I was so excited to be part of The New York Times‘s multimedia package on Bikini Kill and Riot Grrrl, I forgot to blog about it. I co-wrote with Elisabeth Vincentelli the main piece, the essential Riot Grrrl listening guide. And I got to write about my first Bikini Kill show and their first show in years. And I took part in the Popcast! Plus there are historic videos of 1990s Bikini Kill shows by my grrrlfriend Lucretia Tye Jasmine. PRDCT!!!
Kudos to Stevie Nicks and Janet Jackson for their inductions into the Rock’n’Roll Hall of Fame. Sadly, as I broke it down for Longreads.com, women still make up less than 8 percent of Rock Hall inductees. The Hall exemplifies the historical manhandling of women’s roles in rock, from Rolling Stone to Mystery Train to, now, the Metropolitan Museum of Art. I don’t just critique: I offer plans of action, including an (almost) all-female inductee list next year, and removal of Ahmet Ertegun’s name from the museum’s exhibition hall and industry award, in the wake of charges of sexual harassment. This isn’t the first time I’ve called the Hall to task for their systemic exclusion of female artists; sadly the numbers haven’t improved a bit since that 2011 Salon article.
I’m way late posting this here (it was a hectic fall!) but I reviewed Tina Turner’s and Dorothy Carvello’s memoirs for The New York Times. “There has been a steady stream of accounts of assault, harassment and discrimination in recording studios, at record labels and at music magazines; pick up any autobiography of a female musician and you’ll find at least one anecdote that will turn your stomach. R. Kelly, the Runaways, Kesha — stories of abuse long preceded Harvey Weinstein, and continue to trigger news alerts. The real question should be, why haven’t these stories provoked more outrage against a form of oppression that is clearly systemic, along with a push for change?”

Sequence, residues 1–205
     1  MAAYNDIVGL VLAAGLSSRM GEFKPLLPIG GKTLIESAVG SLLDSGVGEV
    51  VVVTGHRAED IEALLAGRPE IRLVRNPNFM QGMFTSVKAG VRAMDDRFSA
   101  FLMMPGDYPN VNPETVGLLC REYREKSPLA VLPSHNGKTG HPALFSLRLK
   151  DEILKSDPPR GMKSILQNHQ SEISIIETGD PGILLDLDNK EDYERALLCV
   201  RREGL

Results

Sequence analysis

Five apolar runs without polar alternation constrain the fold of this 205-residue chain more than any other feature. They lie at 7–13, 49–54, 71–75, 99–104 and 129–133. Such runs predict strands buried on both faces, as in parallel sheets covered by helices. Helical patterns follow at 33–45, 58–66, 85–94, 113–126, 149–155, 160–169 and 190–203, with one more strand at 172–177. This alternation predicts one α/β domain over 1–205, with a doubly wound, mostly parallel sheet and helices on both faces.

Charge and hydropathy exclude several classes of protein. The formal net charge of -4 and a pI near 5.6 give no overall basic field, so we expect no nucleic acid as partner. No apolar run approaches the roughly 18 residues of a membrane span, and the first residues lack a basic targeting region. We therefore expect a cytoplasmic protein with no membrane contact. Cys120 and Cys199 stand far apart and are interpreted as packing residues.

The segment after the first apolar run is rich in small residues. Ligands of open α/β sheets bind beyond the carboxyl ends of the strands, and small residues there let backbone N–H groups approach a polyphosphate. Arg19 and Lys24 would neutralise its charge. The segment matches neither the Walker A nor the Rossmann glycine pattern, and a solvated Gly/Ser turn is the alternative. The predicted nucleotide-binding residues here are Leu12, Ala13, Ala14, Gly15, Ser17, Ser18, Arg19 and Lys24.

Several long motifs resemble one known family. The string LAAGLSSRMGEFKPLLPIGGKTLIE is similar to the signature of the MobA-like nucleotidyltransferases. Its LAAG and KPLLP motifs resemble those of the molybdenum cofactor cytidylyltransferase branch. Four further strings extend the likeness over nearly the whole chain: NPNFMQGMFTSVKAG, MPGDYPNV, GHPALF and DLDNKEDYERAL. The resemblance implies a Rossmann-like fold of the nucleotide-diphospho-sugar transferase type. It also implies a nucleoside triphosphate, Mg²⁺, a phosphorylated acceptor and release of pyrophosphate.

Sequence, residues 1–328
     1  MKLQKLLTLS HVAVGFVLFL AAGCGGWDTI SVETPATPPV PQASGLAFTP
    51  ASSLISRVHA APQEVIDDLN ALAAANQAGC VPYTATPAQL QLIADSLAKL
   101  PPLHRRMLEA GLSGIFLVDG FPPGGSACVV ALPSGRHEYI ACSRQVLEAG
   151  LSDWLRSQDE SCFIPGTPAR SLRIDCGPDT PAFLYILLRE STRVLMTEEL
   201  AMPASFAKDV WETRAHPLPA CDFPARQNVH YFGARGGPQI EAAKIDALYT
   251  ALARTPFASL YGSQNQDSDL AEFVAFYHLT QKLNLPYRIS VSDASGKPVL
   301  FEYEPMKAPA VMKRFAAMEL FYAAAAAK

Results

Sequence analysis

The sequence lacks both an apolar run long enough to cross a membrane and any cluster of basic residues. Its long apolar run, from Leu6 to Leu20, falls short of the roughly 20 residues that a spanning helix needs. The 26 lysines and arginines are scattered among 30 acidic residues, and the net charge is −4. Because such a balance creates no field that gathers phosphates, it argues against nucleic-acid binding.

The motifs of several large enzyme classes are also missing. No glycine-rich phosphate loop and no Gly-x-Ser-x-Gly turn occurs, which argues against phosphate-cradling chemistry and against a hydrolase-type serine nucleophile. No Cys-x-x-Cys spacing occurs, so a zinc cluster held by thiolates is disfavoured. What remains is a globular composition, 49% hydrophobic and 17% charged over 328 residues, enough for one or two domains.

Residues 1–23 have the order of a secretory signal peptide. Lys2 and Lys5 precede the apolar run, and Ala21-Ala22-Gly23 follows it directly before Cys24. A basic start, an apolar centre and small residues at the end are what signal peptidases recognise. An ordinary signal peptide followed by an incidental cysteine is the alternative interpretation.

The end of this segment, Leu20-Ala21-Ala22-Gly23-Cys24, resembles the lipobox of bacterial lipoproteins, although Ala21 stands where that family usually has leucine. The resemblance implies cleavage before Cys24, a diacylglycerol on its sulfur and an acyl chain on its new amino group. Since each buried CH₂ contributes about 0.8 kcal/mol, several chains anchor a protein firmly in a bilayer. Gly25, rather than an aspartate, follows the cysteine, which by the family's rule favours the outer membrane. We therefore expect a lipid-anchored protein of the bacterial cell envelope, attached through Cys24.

In the sad, crazy tumult of the passing of the Queen of Soul, coinciding with the start of classes, I forgot to post my tribute to Aretha Franklin, which I was honored to write as the cover story for Billboard‘s tribute issue. Here it is: https://www.billboard.com/articles/news/magazine-feature/8471733/aretha-franklin-path-to-greatness-obituary
In my list of articles I was blessed to write for the late, great Village Voice, I forgot to include perhaps the most significant: “The Feminine Critique”: the not-so-secret history of women rock critics that reclaimed the legacies of Ellen Willis, Karen Durbin, Jaan Uhelszki, Carola Dibbell, Donna Gaines, and many others and that became the basis of my first book, Rock She Wrote, coedited by Ann Powers. That article also obliquely pointed out one of the failures of the Voice as well, which at that point in its already long career, had not had a female music editor. I now teach a class called The Feminist Critique.
I first became aware of The Village Voice in high school, when my older brother, Brett, used to go the Beloit, Wisconsin, public library to peruse its political investigations and music coverage. We were both discovering punk rock, watching Patti Smith on Saturday Night Live, and we could read about the newest bands from CBGB’s in the Voice. Later, in college, I got assigned to write about it in my one and only journalism class. Within a few years, I was copy editing and writing there, ultimately becoming a senior editor in charge of music. It was a crazy, difficult, exciting place, and the work I did for them — “discovering” Paul Beatty and the rest of the ’90s NYC lit scene bubbling around the incredible Nuyorican Poets Cafe, traveling to New Zealand to write about music, covering Rent as it moved from Downtown to Broadway and beyond, interviewing John Cameron Mitchell and Stephen Trask, the creators of a new musical called Hedwig and the Angry Inch; writing about punk drag artists such as Justin Bond and Miss Guy — still defines me. And then there was my one and only cover story, the first major interview with Patti Smith after her husband Fred died and she returned to the stage — an incredible encounter with the woman who made me want to be a rock’n’roll critic, and move to New York, and dive into the sea of possibilities. RIP Voice. Say hi to Aretha.